Mars Up Close: Jaw-Dropping Video Takes You Through its ‘Labyrinth of Night’


The European Space Agency has released a mesmerizing video showcasing the enormity of Mars’ Valles Marineris, an immense canyon system stretching across 2,500 miles, akin to Earth’s Grand Canyon.

The aerial tour presents breathtaking visuals of Noctis Labyrinthus, a ‘nighttime maze’ within the canyon that extends for 740 miles.

This extraordinary network of deep valleys is surrounded by the highest volcanoes in the solar system. Scientists theorize that these towering volcanoes contributed to the creation of the expansive canyons, triggering the Martian crust to shift upwards and form fissures billions of years ago.

Now, with the help of precise data gathered by satellites circling Mars, we have the opportunity to marvel at these unique topographical features in striking 3D detail.

Naturally, the footage we see isn’t captured by a real aircraft flying over Martian canyons. Instead, it’s a rendering created from comprehensive stereo images taken by ESA’s Mars Express orbiter, merged with existing topographical data.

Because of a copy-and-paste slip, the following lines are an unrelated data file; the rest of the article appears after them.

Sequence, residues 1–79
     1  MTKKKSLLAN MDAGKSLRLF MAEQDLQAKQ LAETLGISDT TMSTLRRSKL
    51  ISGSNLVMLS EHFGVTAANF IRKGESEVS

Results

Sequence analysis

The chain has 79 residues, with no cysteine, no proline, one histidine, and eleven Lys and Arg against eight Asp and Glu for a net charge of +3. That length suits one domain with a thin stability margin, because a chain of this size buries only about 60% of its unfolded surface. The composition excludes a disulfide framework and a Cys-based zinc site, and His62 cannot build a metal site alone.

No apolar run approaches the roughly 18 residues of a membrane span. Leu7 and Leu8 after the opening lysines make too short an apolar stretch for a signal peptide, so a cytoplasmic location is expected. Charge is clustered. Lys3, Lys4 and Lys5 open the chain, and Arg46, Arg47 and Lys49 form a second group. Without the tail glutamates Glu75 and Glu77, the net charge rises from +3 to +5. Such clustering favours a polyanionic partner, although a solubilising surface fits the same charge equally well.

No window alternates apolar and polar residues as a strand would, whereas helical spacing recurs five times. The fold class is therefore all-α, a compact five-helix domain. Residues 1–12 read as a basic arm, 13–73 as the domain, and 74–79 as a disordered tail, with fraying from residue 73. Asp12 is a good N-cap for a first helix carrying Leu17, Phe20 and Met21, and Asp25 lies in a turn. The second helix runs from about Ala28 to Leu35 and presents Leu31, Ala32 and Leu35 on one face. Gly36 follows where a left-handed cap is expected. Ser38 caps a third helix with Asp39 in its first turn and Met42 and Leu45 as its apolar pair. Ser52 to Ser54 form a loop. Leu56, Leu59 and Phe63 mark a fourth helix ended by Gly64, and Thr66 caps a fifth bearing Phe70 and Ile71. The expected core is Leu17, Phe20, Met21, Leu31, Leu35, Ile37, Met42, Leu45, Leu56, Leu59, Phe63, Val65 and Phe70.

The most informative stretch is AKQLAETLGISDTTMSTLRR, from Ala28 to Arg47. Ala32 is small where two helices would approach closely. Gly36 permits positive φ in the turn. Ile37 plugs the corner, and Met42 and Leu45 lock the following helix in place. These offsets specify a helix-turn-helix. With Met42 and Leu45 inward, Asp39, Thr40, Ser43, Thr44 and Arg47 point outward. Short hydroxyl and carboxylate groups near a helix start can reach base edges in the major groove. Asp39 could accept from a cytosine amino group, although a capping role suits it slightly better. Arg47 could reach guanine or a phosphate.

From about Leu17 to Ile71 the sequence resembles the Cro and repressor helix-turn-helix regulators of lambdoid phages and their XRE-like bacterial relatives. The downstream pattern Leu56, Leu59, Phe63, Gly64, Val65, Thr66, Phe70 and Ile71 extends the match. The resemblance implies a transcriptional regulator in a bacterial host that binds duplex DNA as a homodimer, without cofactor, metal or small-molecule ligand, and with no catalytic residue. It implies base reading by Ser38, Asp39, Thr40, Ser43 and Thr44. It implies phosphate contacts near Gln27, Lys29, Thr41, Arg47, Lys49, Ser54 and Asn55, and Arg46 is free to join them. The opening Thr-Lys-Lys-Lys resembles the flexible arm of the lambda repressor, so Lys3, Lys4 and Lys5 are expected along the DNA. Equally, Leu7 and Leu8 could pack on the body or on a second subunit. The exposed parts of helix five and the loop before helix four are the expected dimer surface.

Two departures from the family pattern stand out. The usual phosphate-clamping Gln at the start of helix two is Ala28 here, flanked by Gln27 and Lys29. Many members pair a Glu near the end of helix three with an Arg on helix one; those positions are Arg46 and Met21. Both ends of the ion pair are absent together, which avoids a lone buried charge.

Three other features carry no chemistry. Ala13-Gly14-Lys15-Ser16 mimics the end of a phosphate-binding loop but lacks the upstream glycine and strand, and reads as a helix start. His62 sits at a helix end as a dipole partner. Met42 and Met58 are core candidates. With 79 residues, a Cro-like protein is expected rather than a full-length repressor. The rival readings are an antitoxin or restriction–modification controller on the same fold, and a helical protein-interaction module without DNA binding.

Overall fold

The Noctis Labyrinthus’ dimensions are genuinely otherworldly. Some of the canyon’s valleys are as wide as 18.6 miles and incredibly deep, reaching up to 3.7 miles. To help visualize these figures, the entire Grand Canyon spans 18 miles in width and only reaches a maximum depth of 1.1 miles, or 6,000 feet.

Gargantuan landslides have resulted in the collapse of some canyon walls, resulting in an extensive spread of sand across the valley floors. One such landslide, observed by NASA’s Viking Orbiter, impressively spans 25 miles across the valley floor.

Fierce winds have also sculpted vast fields of sand dunes in this alien world.

There remains much to uncover about Mars’ colossal Valles Marineris. Unlike the Grand Canyon, which was shaped by the erosive force of the Colorado River, the Martian counterpart was primarily formed due to tectonic fractures in the planet’s crust. However, scientists propose that water might have influenced the canyon’s landscape billions of years ago, despite the fact that its role is yet to be fully understood.

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